Schematic of the experimental setup: Depending on whether the coated glass beads have many or few neighbours within their field of vision (red), they are either illuminated by a laser beam or not. Researchers can use such an experiment to investigate the effects of visual information on the collective behaviour and swarming of swimming microparticles.
Photo: Noemi Furlani

Microscopic swimmers with visual perception of group members form stable swarms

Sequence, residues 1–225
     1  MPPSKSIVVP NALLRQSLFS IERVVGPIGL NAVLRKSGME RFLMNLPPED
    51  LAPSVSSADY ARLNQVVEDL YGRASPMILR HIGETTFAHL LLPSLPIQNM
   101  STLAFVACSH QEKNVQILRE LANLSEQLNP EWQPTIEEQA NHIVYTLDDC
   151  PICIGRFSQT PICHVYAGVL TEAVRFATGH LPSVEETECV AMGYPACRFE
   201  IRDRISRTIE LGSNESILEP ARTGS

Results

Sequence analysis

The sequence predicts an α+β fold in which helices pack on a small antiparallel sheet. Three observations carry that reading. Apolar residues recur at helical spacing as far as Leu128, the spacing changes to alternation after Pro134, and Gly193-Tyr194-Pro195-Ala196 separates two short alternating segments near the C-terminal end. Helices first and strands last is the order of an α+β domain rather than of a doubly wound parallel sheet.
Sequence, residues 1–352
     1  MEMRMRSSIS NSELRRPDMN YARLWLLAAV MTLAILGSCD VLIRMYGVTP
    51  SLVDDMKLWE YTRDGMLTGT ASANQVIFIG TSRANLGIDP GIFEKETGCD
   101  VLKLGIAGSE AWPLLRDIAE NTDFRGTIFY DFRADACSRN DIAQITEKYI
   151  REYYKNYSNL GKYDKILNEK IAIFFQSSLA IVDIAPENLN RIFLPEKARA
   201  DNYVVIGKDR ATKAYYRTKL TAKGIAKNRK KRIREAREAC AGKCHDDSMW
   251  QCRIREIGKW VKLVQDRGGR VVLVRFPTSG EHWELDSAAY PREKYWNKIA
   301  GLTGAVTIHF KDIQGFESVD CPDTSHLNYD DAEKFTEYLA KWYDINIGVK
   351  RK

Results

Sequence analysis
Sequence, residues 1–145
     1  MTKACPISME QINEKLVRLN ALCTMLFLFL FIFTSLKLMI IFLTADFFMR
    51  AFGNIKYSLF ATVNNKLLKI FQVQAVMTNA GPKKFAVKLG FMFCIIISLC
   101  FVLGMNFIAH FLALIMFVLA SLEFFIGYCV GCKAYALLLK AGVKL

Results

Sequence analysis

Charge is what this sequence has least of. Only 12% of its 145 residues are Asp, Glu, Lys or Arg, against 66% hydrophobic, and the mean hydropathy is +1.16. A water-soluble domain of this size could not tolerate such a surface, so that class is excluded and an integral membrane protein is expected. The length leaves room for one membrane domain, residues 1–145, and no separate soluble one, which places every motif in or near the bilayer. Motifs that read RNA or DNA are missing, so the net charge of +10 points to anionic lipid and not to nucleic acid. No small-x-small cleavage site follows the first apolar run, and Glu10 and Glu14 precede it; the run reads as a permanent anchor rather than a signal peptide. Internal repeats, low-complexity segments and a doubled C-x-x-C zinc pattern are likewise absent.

Birds, fish and bacteria often gather into groups or swarms. This so-called collective behaviour requires all group members to continuously and reciprocally adapt their movements. It can be a challenging task, however, for researchers to ascertain the specific environmental stimuli that individuals respond to within the context of their group; in addition to optical and acoustic information, flow resistances or chemical messengers can also play a role. By designing experiments with artificial microswimmers, we were able to show that the formation of stable groups requires only few skills: forward visual perception over large distances and regulation of the speed according to the number of perceived individuals. In addition to providing more insight into collective phenomena, the experiments can also be used for research on autonomous systems.